The most important gems in Belgium’s royal vault – Royal Central

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While Belgium doesn’t have jewels that belong to the Crown but to individual members of the Royal Family, some pieces are considered the most important, which we could potentially see at the Coronation of King Charles III. 

First, when it comes to tiaras, the general consensus is that the Nine Provinces Bandeau Tiara is the most important piece. Since Queen Astrid, it was passed from Queen to Queen, and it was the first tiara that Mathilde used once she became Queen of the Belgians. 

Because the piece is highly flexible (meaning that it can be worn in many different settings), many Queens, including the current one, have taken advantage of this and customised the setting to the occasion. As we are talking about a Coronation, it can be expected for Queen Mathilde to wear the piece in its fullest form: the bandeau, the spikes and the arches. 

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Other options could include the piece commonly known as the Queen Elisabeth Bandeau Tiara, a piece with a lot of history, or Mathilde’s wedding tiara. 

We have no indication of what the Queen could wear for the event, given that previous recent examples were all non-tiara affairs: the Dutch and Japanese coronations were gown-and-hat events, and the Spanish coronation didn’t have any foreign guests. 

In Belgium, when King Albert II abdicated in 2013 and King Philippe was proclaimed, all events were very much low-key, and the only gown in sight was the one Queen Mathilde wore in her first official portrait as Queen. 

However, if past events can’t help us with tiaras, they provide a more meaningful insight into other jewellery pieces. Starting with earrings, her two main choices for important state events are her fringe earrings, which debuted on her lobes less than ten years ago but have been a staple for main events, including the Dutch coronation, which she attended as Duchess of Brabant. 

Another option could be a pair that belonged to Queen Fabiola, to whom Mathilde was very close. These earrings are more geometrical and feature a baroque pearl pendent; they made an appearance for the enthronement of Emperor Naruhito.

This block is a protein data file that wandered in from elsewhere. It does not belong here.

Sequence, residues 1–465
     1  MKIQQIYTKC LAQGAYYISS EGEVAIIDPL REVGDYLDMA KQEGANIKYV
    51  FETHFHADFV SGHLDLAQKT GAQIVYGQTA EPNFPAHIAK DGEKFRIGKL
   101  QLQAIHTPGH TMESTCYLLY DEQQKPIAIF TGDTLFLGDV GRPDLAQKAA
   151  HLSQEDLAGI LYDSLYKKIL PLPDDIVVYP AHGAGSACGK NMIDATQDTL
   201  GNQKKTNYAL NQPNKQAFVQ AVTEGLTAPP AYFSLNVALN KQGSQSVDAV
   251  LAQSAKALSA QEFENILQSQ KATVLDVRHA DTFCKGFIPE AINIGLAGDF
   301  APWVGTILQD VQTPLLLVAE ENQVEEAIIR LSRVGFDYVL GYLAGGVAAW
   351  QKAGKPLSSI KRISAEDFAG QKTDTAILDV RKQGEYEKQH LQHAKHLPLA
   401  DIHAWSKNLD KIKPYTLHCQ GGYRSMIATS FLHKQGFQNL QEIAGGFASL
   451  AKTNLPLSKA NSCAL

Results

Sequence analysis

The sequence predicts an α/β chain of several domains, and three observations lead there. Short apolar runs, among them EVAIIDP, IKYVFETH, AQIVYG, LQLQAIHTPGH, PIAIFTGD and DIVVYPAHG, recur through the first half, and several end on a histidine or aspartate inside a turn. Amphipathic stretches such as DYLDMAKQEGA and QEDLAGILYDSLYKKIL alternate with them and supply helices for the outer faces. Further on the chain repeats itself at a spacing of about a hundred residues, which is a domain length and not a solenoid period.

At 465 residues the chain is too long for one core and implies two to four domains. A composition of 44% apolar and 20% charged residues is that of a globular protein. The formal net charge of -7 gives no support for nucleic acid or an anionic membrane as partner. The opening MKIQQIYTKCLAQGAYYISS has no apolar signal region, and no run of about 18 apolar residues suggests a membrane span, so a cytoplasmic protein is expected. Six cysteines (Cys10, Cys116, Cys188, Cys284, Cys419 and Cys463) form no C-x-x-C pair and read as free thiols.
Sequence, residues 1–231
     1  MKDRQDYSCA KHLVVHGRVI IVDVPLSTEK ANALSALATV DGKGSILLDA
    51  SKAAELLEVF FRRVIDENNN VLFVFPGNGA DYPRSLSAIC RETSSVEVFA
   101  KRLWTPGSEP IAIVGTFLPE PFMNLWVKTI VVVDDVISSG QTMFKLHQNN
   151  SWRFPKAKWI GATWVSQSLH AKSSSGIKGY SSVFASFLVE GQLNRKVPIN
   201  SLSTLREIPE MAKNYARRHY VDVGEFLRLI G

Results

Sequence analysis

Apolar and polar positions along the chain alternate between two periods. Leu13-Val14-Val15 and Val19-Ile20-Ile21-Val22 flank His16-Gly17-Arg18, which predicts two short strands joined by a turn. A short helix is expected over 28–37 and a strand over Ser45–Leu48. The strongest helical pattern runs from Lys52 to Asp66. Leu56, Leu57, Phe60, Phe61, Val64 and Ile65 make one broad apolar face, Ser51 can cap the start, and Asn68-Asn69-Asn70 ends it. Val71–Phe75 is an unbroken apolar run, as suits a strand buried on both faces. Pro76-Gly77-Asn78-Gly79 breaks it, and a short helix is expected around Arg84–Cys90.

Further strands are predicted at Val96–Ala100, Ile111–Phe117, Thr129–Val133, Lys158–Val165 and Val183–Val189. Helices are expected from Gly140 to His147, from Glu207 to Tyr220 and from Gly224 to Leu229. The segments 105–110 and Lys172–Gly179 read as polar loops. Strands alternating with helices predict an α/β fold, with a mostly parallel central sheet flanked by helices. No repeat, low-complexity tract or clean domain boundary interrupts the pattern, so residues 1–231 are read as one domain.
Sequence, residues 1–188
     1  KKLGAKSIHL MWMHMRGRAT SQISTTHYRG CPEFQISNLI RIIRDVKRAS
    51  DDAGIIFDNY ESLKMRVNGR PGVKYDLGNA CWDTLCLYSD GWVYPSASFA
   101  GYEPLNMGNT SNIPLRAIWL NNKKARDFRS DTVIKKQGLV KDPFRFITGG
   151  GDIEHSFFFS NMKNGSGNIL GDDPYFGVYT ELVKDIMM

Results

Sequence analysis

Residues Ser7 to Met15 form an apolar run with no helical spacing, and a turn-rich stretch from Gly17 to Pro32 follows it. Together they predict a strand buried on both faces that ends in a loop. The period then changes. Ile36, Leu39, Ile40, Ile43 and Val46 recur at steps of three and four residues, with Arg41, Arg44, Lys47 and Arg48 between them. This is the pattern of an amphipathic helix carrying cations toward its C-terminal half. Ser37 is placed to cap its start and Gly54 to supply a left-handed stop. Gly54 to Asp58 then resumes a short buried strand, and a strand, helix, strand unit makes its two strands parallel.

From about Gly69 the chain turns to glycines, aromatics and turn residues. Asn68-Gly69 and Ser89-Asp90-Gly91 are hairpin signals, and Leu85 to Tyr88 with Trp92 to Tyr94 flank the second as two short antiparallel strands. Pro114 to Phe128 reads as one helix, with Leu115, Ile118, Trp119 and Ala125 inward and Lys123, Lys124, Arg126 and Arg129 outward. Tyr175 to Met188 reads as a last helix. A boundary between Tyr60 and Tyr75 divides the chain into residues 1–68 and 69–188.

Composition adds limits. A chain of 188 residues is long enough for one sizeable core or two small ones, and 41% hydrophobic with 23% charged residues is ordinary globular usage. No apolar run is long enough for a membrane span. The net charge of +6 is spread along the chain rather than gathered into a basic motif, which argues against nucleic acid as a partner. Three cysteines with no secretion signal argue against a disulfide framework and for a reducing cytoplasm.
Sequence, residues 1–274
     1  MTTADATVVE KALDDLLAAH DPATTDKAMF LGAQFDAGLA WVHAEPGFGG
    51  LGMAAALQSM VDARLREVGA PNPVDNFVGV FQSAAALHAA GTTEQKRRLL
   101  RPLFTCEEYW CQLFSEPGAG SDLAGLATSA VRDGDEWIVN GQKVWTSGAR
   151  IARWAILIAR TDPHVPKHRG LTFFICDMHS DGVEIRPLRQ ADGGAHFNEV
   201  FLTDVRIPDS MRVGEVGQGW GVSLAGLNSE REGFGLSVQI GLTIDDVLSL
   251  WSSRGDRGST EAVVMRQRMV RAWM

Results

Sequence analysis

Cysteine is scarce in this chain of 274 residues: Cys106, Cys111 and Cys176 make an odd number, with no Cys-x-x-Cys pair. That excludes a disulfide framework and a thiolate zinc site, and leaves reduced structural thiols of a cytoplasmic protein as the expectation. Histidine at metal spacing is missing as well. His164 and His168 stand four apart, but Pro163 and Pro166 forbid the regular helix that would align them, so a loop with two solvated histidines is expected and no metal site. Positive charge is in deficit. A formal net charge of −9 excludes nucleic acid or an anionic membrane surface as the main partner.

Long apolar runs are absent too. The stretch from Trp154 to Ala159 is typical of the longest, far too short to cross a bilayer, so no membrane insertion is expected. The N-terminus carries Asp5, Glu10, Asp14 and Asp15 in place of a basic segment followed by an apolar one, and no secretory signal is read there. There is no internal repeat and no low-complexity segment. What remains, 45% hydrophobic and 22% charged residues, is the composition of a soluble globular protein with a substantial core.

Naturally, those are just speculations, but Queen Mathilde has quite the personal jewellery collection, which she accumulated in her 24 years as a member of the Royal Family, so she could definitely opt for another pair. 

Another staple of her outfits are brooches, which become essential if the dress code calls for sashes. The most likely contender is her fringe brooch, which she wears quite often for state banquets and other occasions. It was also her choice for the Dutch inauguration, whereas the public didn’t get a glimpse at the piece she selected for the Japanese enthronement because it was covered by her cape. 

There is also the possibility that other members of the Belgian Royal Family will be invited to the coronation of King Charles III, including King Philippe’s sister Princess Astrid (for whom the most logical choice would be the Savoy-Aosta Tiara, from her husband’s family) and the heir to the throne, Princess Elisabeth, who is already in the UK as an Oxford University student, and who would probably wear the tiara she received from her parents as an 18th birthday gift – a piece that she debuted at the gala dinner for Princess Ingrid Alexandra of Norway’s 18th birthday. 

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Belgium does not have a massive vault to draw from, at least for tiaras, and the fact that none of them belongs to the Crown makes predictions quite boring. However, they still have plenty of pieces circulating around in the family that have a lot of history, and it will be interesting to find out more about them if any member of the Royal Family decides to wear them on such an important international stage. 

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